"Negligent treatment or maltreatment" means an act or a failure to act, or the cumulative effects of a pattern of conduct, behavior, or inaction, that evidences a serious disregard of consequences of such magnitude as to constitute a clear and present danger to a child's health, welfare, or safety, including, but not limited to, conduct prohibited by statute. When considering whether a clear and present danger exists, evidence of a parent's substance abuse as a contributing factor to negligent treatment or maltreatment shall be given great weight. The fact that siblings share a bedroom is not, in and of itself, negligent treatment or maltreatment. Poverty, homelessness, or exposure to domestic violence perpetrated against someone other than the child does not constitute negligent treatment or maltreatment in and of itself.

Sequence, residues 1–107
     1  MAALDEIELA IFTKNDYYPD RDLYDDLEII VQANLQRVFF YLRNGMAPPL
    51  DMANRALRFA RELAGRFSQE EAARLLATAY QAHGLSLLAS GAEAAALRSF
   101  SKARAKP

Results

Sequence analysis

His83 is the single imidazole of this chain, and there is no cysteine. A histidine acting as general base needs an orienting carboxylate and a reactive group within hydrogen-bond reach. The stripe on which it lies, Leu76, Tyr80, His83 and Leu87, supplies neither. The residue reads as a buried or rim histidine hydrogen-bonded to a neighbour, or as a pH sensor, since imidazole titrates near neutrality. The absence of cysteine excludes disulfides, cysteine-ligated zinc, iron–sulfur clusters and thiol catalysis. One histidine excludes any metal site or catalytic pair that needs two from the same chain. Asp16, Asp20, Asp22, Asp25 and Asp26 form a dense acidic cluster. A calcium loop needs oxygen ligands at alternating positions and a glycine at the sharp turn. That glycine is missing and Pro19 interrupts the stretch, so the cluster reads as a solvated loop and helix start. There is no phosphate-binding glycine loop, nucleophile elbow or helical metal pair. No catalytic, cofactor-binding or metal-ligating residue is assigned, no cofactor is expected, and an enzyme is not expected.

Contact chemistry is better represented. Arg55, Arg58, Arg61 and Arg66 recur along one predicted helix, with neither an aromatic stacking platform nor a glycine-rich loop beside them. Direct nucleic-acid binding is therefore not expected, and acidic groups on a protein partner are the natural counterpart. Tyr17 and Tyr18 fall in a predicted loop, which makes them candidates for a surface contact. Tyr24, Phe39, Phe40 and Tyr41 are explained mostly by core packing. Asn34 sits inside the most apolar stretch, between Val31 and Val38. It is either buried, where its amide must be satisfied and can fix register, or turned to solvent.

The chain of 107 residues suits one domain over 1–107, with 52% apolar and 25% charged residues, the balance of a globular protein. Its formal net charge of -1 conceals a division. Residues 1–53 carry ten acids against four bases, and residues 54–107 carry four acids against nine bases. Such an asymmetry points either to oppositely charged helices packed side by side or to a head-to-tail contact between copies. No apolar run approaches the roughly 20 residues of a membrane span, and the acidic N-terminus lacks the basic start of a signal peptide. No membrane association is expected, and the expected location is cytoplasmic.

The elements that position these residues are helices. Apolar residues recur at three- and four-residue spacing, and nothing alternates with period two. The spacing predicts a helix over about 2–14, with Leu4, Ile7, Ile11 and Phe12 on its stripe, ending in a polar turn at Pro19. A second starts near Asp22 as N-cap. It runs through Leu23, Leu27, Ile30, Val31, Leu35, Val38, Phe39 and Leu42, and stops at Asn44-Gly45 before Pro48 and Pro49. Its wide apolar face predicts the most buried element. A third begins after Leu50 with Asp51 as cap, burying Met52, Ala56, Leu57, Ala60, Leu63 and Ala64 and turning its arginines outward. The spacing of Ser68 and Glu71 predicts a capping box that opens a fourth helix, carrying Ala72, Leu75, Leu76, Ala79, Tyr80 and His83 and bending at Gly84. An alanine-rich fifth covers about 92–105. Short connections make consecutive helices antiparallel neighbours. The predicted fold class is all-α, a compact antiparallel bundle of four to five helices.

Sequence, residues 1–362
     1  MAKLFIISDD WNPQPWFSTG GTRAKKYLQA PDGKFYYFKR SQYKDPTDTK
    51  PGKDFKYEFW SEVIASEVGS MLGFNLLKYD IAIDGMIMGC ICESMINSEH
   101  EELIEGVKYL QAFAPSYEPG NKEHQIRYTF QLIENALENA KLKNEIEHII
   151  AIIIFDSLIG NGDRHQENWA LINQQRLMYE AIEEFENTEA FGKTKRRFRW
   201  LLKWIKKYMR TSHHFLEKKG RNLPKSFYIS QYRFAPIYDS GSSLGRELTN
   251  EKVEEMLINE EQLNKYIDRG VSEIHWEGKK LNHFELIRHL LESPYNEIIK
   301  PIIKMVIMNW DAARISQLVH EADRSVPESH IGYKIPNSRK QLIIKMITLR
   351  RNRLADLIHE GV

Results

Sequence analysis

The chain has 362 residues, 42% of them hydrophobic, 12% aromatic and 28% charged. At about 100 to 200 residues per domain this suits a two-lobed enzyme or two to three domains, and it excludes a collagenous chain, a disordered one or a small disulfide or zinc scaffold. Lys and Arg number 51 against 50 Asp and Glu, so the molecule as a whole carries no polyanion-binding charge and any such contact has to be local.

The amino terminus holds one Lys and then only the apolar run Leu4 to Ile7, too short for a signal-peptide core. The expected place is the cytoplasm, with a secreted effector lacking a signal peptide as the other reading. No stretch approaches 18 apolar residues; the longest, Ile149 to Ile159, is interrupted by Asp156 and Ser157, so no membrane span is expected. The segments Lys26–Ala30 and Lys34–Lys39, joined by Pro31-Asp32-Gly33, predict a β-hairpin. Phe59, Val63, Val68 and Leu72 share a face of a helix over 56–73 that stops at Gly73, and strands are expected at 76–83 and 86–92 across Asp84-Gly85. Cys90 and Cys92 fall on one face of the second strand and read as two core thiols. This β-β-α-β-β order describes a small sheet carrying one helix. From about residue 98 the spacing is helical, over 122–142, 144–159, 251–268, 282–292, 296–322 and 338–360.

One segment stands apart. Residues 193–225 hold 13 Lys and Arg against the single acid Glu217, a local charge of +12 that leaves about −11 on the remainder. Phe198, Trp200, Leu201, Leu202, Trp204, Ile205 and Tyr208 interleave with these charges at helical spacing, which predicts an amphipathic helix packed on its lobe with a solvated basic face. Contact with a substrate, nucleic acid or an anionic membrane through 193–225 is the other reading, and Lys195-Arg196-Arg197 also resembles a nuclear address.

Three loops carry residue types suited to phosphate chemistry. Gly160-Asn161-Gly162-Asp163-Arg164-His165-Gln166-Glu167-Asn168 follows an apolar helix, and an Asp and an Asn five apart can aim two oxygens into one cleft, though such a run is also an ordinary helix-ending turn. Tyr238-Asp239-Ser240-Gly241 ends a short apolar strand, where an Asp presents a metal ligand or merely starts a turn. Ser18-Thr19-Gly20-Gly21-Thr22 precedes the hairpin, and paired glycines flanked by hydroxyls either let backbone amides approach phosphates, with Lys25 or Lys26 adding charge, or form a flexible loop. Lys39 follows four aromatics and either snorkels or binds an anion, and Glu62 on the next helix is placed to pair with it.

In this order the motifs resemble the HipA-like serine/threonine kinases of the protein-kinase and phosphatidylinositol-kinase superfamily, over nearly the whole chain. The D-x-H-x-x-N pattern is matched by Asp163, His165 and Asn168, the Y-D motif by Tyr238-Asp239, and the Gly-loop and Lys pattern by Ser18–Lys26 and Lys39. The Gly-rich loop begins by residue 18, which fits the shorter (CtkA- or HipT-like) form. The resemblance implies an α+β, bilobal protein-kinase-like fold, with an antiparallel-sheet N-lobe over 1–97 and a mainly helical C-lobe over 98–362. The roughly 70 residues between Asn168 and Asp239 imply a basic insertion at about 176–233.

Fiscal Note: Available.
Creates Committee/Commission/Task Force that includes Legislative members: No.
Effective Date: Ninety days after adjournment of session in which bill is passed.
Staff Summary of Public Testimony on Original Bill (Human Services, Reentry & Rehabilitation) (Regular Session 2019): The committee recommended a different version of the bill than what was heard. PRO: A person tried to volunteer at an assisted living facility, but the background check revealed an old founded finding of child abuse and there was no process to address this. Expungement exists for criminal records, but not for founded findings of child abuse or neglect. It would open doors for lots of parents who have changed. This impacts parents who cannot volunteer in their kids' classes or go on field trips. Also, this prevents a child from being placed with relatives, even if they have been rehabilitated. Given that the family assessment response process did not exist a few years ago—an alternative to an investigation of child abuse and neglect—there are likely many old findings that would not result in a finding of child abuse or neglect today. While this is a great step, it does not address the barriers people face with employment. This process should be extended to working with children or vulnerable adults.